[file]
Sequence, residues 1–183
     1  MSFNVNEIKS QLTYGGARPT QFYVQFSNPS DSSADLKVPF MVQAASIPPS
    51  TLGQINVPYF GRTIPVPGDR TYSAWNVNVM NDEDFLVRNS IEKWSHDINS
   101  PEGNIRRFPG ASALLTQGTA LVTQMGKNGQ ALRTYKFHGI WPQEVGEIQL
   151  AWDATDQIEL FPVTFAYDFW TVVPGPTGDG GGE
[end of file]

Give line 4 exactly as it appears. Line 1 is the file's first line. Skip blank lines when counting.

   101  PEGNIRRFPG ASALLTQGTA LVTQMGKNGQ ALRTYKFHGI WPQEVGEIQL